Roy Campanella said you have to have a little boy in you to play baseball. But even if you do, you still grow old. I’m not sure if there’s ever been a sadder stretch for baseball than the last 18 months. Five Hall of Famers — Robin Roberts, Bob Feller, manager Sparky Anderson, Harmon Killebrew and Duke Snider — have died; six if you include Seattle broadcaster Dave Niehaus, seven if you think ex-Cubs third baseman Ron Santo should be in. Unfortunately, the baseball cards of our childhood are the obits of today. This week’s rankings, in remembrance of those who’ve died in the recent past. Previous ranking in parentheses:
1. Philadelphia (1): Robin Roberts pitched so long and so well that he’s the only pitcher to have beaten the Boston Braves, Milwaukee Braves and Atlanta Braves among his 286 career victories. That’s pretty heady stuff for a guy who went to Michigan State to play basketball. Roberts won 20 games six straight times from 1950-55, including a high of 28 in 1952. He topped 300 innings in all six of those seasons; when both streaks ended in 1956, it was because Roberts won 19 and only pitched 297.1 innings. He won 52 games after the Phillies, convinced Roberts was finished in a 1-10 1961, sold him to the Yankees, and the Yankees released him. Roberts was renowned for finishing what he started — he started 609 times and completed 305 of those, just more than half. And he was just as renowned for not backing down; he threw 505 home runs, but he threw strikes. He was 83 when he died last May.
2. St. Louis (2): No one kept fielding stats in the 40s like they do today; there was no range factor or zone rating. Those who saw shortstop Marty Marion say he would be regarded with even more respect if they did; what they describe sounds like Mark Belanger before there was Mark Belanger, only better. Tall (6-2), lanky (170 pounds) and not quite as offensively challenged (.263 career average), Marion was the 1944 NL MVP despite a .686 OPS, the year of the only all-St. Louis World Series. Marion was 94 when he died in March.
3. N.Y. Yankees (4): Ryne Duren threw hard and wore thick glasses, but it was alcoholism which most obscured his vision. Duren had back-to-back great seasons in 1958-59, when he had ERAs of 2.02 and 1.88, 34 of his 57 career saves and 183 strikeouts in 152.1 innings. But his biggest saves were off the field — he became a counselor and helped others with their addiction problems. His autobiography was titled “I Can See Clearly Now.” He was 81 when he died in January.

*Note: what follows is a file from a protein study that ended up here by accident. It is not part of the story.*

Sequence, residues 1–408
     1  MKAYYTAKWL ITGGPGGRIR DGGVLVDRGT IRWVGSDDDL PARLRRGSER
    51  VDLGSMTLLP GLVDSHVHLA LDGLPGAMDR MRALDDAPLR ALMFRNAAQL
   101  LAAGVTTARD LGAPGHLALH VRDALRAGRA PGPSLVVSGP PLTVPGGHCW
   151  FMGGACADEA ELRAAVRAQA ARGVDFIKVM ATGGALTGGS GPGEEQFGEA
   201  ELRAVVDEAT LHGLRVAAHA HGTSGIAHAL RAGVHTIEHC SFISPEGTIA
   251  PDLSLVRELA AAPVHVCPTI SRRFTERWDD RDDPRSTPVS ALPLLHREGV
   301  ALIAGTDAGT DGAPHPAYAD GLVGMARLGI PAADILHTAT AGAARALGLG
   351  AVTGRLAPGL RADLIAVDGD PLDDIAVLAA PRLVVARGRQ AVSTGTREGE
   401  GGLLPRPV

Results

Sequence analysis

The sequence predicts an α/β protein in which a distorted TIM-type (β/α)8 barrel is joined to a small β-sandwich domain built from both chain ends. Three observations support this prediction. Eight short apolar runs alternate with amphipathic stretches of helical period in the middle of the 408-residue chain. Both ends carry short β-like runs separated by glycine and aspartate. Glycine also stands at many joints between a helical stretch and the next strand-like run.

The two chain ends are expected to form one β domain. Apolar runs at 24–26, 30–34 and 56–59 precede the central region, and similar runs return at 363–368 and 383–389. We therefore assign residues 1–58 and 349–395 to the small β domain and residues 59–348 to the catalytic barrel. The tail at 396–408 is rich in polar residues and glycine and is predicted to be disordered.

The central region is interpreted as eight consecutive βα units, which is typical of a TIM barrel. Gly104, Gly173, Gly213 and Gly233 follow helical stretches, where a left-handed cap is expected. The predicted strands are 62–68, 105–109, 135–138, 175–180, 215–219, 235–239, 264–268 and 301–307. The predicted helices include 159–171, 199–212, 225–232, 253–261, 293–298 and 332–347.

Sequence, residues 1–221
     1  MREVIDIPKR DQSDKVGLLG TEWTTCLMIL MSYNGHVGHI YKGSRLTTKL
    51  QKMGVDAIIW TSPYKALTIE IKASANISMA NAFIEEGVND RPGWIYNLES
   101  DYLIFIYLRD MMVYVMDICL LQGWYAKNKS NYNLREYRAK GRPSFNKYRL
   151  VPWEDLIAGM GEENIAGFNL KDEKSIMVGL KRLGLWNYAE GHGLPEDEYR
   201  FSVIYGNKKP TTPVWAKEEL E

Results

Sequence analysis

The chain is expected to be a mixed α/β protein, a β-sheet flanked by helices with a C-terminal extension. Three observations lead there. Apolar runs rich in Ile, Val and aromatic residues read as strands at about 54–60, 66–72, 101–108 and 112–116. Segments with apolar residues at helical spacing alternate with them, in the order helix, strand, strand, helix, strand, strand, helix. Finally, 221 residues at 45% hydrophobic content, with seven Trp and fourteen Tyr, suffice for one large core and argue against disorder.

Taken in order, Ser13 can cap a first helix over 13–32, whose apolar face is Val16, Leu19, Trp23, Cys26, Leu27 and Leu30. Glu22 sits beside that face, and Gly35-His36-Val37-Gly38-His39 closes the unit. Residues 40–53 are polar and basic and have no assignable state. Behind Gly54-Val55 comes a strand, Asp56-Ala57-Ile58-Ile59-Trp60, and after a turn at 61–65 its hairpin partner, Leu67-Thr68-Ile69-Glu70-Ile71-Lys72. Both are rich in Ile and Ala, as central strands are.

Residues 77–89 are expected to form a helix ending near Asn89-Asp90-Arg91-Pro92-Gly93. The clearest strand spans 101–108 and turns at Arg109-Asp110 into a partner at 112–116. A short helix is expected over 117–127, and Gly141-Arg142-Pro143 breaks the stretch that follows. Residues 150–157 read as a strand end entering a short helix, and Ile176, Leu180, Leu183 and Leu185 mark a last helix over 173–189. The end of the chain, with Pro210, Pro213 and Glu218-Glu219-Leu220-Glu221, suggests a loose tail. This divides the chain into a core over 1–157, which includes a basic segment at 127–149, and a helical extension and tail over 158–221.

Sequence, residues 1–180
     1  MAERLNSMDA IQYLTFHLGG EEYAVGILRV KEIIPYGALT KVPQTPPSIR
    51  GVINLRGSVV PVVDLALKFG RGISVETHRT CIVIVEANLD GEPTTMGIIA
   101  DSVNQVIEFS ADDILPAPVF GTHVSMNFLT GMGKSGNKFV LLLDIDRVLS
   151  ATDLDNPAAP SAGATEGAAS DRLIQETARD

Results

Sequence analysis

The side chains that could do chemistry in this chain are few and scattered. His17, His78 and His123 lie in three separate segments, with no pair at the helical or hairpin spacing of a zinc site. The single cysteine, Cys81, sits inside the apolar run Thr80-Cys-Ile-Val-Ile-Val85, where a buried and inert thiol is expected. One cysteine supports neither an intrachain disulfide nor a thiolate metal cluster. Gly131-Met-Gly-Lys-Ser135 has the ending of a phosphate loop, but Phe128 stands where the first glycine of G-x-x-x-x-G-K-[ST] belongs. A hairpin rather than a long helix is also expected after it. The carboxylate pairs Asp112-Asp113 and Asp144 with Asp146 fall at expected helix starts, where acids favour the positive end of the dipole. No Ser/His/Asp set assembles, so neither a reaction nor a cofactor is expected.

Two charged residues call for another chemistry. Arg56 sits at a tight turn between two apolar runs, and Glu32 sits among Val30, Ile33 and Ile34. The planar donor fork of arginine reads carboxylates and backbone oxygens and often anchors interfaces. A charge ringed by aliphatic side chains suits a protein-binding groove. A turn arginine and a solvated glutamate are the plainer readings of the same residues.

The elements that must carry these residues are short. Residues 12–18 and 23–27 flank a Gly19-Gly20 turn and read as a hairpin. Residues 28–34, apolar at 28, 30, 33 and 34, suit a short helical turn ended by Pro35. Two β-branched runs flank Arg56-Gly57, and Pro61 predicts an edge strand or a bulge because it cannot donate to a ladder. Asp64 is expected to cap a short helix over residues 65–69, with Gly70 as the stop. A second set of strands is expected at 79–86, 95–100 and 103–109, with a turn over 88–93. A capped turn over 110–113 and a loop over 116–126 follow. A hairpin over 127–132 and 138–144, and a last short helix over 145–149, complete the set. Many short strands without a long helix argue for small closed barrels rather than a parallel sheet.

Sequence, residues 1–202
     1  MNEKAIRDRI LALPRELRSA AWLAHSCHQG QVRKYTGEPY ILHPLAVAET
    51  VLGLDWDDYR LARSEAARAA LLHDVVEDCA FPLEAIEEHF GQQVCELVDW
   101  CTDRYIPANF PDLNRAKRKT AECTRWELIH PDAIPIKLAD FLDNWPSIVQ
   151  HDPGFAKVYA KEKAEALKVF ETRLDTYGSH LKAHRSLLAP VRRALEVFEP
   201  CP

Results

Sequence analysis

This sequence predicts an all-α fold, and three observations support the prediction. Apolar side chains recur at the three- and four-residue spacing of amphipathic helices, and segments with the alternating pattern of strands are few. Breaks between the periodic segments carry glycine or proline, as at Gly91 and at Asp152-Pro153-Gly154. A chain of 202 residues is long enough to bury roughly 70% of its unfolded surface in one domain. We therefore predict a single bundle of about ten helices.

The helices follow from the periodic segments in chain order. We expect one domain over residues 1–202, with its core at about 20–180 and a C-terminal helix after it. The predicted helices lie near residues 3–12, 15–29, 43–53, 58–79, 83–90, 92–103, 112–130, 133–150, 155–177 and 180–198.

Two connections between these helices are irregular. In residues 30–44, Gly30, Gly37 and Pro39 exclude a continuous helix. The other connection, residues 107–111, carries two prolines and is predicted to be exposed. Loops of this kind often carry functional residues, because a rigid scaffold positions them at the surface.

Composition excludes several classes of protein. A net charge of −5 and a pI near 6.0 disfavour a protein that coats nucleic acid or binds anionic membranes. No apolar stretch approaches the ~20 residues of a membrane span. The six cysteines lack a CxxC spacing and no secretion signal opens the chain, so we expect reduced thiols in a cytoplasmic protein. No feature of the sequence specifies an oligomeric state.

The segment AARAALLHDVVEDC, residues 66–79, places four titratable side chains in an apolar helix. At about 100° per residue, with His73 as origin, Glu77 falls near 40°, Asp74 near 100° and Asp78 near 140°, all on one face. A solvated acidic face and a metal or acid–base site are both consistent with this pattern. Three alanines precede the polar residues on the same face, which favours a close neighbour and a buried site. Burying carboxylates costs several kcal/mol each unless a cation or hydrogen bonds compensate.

4. Boston (3): Walt Dropo was big enough — 6-foot-5 and 270 pounds — and good enough to be offered professional contracts in three sports. He starred in baseball, football and basketball at the University of Connecticut but, a native New Englander, he turned down the NFL’s Chicago Bears and pro basketball’s Providence Steamrollers to sign with the Red Sox. He was the AL Rookie of the Year over Whitey Ford in 1950 at age 27 — Dropo’s career was delayed for three years by World War II — when he hit 34 home runs, batted .322 and knocked in 144, but he never again approached those numbers. He hit 29 in 1952 — 23 after the Sox traded him to Detroit — and 152 in his career. He was 87 when he died in December.
5. Cleveland (8): Bob Feller was the fastest pitcher ever, and if you don’t believe it, all you had to do was ask him. He was certainly one of the fastest to 100 wins — he made it by age 23 — and one of the fastest to the recruiting station when World War II started. He spent the war in the Navy; before and after he won 20 games in the five full seasons on either side of it, and four straight of 24 or more. Won 266 in all. He was 92 when he died last December.
6. Florida (9): Venezuela’s Oscar Azocar only spent one summer in South Florida, playing for the Yankees’ farm team in Fort Lauderdale. But it was enough to change his career. Until 1987 Azocar had a been a pitcher first and an outfielder second, but after hitting .359 and slugging .542 in 195 at-bats, he was an outfielder first. Azocar spent only three seasons in the majors, and walked only 12 times in 439 at-bats. He was a perfect 10-for-10 stealing. He was 45 when he died last June.
7. Texas (12): Jim Bibby came from a basketball family — brother Henry was a three-time NCAA champion, and nephew Michael won one, too; the latter is now playing for an NBA title. And at 6-foot-6, Jim Bibby was as big as one. He went to college on a basketball scholarship, but was diverted to baseball and service in Vietnam. He never won 20 games, but he did win 19 twice (he lost 19 too, once in the same year for the 74 Rangers) and 111 in all, and was 12-4 for the Pirates’ 1979 world champions. He was 65 when he died in February of 2010.